Rine et al 8 reported that children with bilateral vestibular hypofunction had significantly improved balance and motor development following intervention. Children participated in a 12-week exercise intervention focused on substitution and habituation, three times weekly, 30 minutes per session, under the direction of a physical therapist. The progressive motor development delay was halted, and balance improved.

Braswell and Rine 7 also reported improved scores on measures gaze stability following 6 weeks of gaze stabilization training adapted for children done 3 times per week, 20 minutes per session.

D’Agostino, Melagrana and Taborelli 16 reported a case of horizontal canal BPPV in a 10-year-old child, with ‘spontaneous’ recovery following short term hospitalization and repeated mobilization (e.g. roll side-to-side) in supine.

Balance and habituation training activities must be modified to the child’s level of cognitive maturation and interest, with particular consideration to the caregiver.

Unlike adults, the child is dependent upon parents, caregivers and therapists to carry out the program and assure compliance. Therefore, the use of toys, games, and other items to facilitate visual tracking, or the use of swings to provide movement during visual stabilization activities, is important to maximize the child’s participation and cooperation.

Instead of letters, which are not motivating or fun, line pictures, moving balls, or animals with symbols or letters may be used during visual stabilization training.

This cooperation and effort is critical to the effectiveness of the exercise regimen.

Typically, when acute symptoms have subsided and appropriate medical treatment is rendered (e.g. surgery to repair fistula), children are eager to resume play and other age appropriate activities. It is critical to monitor progress and provide short term, daily training to be carried out at home with caregivers (e.g. visual tracking exercises, visual stabilization regime, balance and movement activities to resume age appropriate levels of activity). 9,14

Rehabilitation for Central Disorders

Although reports of vestibular deficits of central nervous system origin in children are rare, reports in the literature do note:

  • Children with learning disabilities present with sensory organization and balance deficits 17, and
  • Balance deficits are evident in children with cerebral palsy, and vestibular rehabilitation does improve motor and visual abilities in children with central nervous system deficit, autism, and low birth weight premature infants. 18-22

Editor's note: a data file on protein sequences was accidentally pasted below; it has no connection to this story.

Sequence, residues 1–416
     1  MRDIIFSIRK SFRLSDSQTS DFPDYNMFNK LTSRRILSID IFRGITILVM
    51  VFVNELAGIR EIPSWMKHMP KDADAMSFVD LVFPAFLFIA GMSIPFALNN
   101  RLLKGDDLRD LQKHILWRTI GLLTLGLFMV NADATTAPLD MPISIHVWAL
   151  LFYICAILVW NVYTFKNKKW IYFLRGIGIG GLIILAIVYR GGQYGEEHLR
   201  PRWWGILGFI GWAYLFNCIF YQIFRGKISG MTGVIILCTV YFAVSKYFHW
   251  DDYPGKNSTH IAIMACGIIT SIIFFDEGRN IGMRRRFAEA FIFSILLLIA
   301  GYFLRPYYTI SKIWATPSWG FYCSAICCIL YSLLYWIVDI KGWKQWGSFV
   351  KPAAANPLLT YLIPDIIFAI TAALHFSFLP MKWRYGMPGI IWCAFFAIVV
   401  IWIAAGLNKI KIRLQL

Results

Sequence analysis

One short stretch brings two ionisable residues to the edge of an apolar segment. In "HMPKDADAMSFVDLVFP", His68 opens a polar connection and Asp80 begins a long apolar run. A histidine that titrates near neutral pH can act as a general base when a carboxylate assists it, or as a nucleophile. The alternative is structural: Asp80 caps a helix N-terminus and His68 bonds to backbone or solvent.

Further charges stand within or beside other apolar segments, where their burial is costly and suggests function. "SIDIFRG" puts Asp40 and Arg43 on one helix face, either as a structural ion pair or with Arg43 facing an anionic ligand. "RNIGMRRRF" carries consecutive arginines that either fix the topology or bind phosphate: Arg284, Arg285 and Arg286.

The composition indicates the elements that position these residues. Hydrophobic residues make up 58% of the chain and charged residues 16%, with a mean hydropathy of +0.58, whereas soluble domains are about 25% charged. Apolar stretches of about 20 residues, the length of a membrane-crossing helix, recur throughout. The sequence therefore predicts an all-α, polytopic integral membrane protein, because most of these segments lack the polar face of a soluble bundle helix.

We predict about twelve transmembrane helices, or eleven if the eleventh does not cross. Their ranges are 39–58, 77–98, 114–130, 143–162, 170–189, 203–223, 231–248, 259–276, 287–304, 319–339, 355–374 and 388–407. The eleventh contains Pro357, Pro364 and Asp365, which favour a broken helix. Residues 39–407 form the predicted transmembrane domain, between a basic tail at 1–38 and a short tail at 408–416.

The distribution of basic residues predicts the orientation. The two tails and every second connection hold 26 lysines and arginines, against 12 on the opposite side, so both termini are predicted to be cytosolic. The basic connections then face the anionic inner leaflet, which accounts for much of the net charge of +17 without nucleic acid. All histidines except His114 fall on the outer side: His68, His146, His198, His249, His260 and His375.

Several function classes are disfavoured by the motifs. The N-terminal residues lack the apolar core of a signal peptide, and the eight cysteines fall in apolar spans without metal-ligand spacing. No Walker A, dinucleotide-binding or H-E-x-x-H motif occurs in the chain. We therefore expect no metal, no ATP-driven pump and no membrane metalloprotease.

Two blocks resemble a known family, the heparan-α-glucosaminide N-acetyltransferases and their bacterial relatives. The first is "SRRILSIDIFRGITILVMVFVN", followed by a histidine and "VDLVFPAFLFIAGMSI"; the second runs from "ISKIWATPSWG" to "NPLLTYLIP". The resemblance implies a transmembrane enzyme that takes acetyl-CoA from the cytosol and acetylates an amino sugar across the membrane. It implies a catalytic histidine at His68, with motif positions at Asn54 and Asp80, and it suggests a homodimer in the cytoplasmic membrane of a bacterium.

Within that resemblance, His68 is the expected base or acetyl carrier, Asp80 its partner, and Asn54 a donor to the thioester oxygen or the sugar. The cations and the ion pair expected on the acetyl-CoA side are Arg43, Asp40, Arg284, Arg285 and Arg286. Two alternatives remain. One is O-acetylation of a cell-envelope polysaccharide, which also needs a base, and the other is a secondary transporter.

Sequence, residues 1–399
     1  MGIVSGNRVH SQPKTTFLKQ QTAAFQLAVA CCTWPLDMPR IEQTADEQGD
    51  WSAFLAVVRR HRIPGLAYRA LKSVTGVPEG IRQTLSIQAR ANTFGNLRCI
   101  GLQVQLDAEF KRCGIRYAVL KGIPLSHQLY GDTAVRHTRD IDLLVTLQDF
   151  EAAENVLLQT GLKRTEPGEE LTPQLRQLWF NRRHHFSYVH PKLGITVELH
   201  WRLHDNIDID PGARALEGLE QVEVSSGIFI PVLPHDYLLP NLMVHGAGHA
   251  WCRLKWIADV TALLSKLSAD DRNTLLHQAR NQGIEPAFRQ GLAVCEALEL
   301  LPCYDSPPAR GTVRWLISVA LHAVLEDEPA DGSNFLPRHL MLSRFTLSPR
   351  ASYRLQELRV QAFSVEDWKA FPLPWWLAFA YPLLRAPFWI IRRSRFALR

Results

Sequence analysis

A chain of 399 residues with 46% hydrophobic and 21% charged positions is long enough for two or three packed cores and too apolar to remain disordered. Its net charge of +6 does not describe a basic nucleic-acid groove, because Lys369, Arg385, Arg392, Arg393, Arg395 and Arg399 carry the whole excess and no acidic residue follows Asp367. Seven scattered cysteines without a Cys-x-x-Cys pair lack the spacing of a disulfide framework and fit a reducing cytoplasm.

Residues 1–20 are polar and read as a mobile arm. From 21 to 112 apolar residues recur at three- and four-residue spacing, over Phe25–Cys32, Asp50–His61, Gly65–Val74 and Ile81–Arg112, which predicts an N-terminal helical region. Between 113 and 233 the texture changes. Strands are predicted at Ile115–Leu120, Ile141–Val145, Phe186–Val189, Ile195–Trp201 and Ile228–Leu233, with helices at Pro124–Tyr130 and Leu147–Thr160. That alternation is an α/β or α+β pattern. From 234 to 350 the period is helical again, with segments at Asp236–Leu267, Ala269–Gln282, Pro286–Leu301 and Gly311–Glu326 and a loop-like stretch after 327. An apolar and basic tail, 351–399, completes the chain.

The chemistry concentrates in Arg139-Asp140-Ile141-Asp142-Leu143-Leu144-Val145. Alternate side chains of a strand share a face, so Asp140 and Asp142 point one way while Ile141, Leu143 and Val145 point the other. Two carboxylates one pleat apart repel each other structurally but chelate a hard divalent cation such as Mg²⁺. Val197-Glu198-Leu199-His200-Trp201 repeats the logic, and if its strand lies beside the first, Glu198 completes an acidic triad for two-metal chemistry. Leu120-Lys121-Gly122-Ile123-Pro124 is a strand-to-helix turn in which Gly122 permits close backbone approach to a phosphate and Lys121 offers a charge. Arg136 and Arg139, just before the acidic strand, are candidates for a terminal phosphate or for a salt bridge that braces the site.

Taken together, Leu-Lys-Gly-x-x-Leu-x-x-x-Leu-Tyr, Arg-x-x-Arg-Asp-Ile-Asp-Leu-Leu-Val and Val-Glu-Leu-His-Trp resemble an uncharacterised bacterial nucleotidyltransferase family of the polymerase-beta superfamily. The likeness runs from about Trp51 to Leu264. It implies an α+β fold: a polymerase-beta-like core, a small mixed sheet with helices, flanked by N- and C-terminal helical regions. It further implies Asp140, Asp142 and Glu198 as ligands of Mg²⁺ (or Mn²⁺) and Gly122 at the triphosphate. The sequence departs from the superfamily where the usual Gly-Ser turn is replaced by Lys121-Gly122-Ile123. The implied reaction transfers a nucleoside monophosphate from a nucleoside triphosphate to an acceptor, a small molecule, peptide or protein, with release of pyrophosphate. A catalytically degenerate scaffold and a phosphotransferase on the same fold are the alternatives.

Treatment can be developed to either facilitate the use and integration of systems intact but not used, or to facilitate compensatory mechanisms. For example, a child with hypertonicity and developmental delay, as well as evidence of visual stability and balance problems, should participate in programs that include facilitation and improvement of visual stabilization, movement tolerance and balancing during visual stabilization, and balance training under varying environments. Habituation, gaze stabilization, and balance and vision therapy may also be efficacious to improve symptoms of dizziness and balance problems in children with concussion. 23


In summary, children with vestibular related impairments respond favorably to vestibular and balance therapy, tailored to their age and goals. Vestibular deficits may be peripheral or central in nature, and if peripheral, may include disruption of one or both sides (uni- and bilateral vestibular hypofunction, respectively). Comprehensive testing of signs and symptoms is critical for appropriate diagnosis, which is critical to the identification and implementation of appropriate rehabilitative and medical interventions. Rehabilitation programs should be based on appropriate diagnosis, and evaluation and interventions should be completed by a therapist who has successfully completed competency training.

By R.M. Rine, PT, PhD and J. Braswell Christy, PT, PhD